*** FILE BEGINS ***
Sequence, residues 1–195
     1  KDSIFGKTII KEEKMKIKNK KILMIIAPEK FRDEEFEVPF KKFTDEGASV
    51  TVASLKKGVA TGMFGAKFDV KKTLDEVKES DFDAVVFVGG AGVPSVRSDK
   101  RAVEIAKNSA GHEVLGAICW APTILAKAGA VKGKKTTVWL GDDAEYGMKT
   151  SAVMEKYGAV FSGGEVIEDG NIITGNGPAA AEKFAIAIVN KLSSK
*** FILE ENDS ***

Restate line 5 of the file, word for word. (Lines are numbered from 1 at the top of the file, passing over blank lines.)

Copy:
   151  SAVMEKYGAV FSGGEVIEDG NIITGNGPAA AEKFAIAIVN KLSSK